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Setting the scene on climate scenarios

September 20, 2023

Scenario models have formed a substantive part of managing financial risk for years. Climate impacts – and transition - bring new subtleties to the way organizations and governments understand and use them.

Climate scenarios are descriptions of plausible future climate conditions and are used to understand a potential range of future climate change and its impacts, as well as to identify opportunities for climate mitigation and adaptation.

Scenarios have been used for planning purposes for decades. As computational power has grown, the ability to build complex scenarios has grown with it, alongside the power to test assumptions, conduct sensitivity analysis and solve complex optimization problems. The oil price shocks of the 1970s accelerated the use of planning tools to maintain short-term financial stability and manage long-term energy system transitions – this was also one of the driving forces for the creation of the International Energy Agency, whose scenarios are widely used today to understand how the world might decarbonize.

How scenarios are built

Scenarios can be exploratory or normative. Exploratory scenarios build a wide range of possible future emissions scenarios to explore the consequences of these different pathways. They are not predictions, but rather their wide range helps develop an understanding of plausible outcomes for decision-making. Normative scenarios, on the other hand, describe a pre-specified future that can be achieved with only a specific set of actions. These scenarios can be used to explore the potential consequences of meeting a specific emissions reduction target – particularly the technology and policy options needed to get us there.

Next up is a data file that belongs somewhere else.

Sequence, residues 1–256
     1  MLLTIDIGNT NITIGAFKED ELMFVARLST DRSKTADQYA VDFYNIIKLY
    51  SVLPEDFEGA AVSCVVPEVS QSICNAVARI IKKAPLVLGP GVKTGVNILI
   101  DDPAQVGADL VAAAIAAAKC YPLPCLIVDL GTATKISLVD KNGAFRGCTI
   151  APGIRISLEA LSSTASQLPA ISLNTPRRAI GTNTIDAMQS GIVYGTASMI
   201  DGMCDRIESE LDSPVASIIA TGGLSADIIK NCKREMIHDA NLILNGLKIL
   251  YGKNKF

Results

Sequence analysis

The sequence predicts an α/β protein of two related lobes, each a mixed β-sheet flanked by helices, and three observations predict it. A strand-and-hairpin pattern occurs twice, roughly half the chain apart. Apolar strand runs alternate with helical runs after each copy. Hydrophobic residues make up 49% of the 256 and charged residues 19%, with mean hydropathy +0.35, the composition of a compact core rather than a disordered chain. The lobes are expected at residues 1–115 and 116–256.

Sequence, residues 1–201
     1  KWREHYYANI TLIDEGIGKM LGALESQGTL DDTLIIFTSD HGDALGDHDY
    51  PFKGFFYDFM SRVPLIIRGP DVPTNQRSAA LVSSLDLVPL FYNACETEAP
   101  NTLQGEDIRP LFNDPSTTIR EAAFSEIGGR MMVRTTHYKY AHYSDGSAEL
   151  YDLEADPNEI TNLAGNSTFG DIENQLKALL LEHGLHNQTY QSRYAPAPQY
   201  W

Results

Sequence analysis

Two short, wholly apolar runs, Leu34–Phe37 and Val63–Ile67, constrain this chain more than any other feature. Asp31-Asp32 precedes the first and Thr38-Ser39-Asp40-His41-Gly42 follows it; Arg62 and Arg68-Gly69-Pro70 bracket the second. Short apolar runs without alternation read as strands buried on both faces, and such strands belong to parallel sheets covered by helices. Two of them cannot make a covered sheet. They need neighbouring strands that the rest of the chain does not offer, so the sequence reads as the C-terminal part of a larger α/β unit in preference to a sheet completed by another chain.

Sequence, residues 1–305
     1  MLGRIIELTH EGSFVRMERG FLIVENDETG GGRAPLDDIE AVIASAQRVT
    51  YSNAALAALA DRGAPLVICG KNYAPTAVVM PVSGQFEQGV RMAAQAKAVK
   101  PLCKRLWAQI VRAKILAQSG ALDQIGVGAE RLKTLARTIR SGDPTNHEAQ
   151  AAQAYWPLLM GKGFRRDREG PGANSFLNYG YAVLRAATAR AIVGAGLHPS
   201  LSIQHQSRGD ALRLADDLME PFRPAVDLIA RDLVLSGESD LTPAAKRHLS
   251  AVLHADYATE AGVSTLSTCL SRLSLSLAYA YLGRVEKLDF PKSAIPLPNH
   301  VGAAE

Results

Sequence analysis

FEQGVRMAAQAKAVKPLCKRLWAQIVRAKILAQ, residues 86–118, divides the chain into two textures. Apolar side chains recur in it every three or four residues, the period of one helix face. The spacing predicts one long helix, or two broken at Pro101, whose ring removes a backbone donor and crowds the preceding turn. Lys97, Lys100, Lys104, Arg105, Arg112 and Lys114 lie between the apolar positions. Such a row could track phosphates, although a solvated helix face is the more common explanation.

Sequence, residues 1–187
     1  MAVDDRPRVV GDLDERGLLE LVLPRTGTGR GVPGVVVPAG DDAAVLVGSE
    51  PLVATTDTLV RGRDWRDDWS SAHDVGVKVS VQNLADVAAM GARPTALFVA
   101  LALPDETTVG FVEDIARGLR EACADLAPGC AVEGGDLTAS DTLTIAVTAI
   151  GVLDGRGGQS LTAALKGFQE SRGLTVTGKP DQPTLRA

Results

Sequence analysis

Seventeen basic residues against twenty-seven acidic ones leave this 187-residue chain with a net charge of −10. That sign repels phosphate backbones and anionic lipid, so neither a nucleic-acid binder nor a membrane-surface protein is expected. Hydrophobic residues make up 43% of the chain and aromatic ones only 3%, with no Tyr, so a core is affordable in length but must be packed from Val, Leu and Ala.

The process of developing these scenarios starts with making assumptions about population growth, economic growth, land use changes, and energy consumption in the future. These assumptions feed into models of society and economy called integrated assessment models (IAMs) that output emissions scenarios or trajectories of future GHG emissions – these are exploratory scenarios when the emissions profile is an output, and normative scenarios when the emissions profile is a target. Subsequently, the emissions scenarios determine the future radiative forcing (i.e., net energy gain by the Earth’s atmosphere), which is a key input for projecting the future climate.

The scale of assumptions, the lack of quality baseline data for most of the world, and the uncertainty of the linkages between socio-economic factors and the earth system impacts every modelling effort, producing results which may not be completely representative of the future it is trying to analyze. For instance, estimating temperature changes as per carbon budgets is probabilistic in nature. The Intergovernmental Panel on Climate Change (IPCC) estimates that there is 67% chance of staying below 1.5°C if 320 Gt of carbon dioxide is emitted from 2022. This probability reduces to 50% if 420 Gt are emitted instead. Communicating the assumptions and level of uncertainty associated with scenarios is increasingly important to ensure disclosures by financial institutions and businesses are not misinformed and risk management approaches by these entities and government are calibrated to the uncertainty.

Transition risk

Transition risk refers to the risks and opportunities from a transition to a low-carbon economy and brings additional subtleties to climate scenario modeling. Under a transition compliant with the Paris Agreement, most sectors of the economy, such as energy generation or transportation, will see dramatic changes to the demand for energy fuels alongside a switch from carbon-intensive to decarbonized technologies. Markets may or may not be currently fully pricing in this shift, which will have a large long-term impact on a public or private entity, particularly in certain sectors like oil and gas exploration. These impacts can be quantified by modeling the entity’s future cash flows, taking into account the changing revenues and costs due to the low-carbon transition. WTW’s Climate Transition Analytics team quantifies the difference in discounted future cash flows between a business-as-usual and a climate transition scenario as the Climate Transition Value-at-Risk (CTVaR).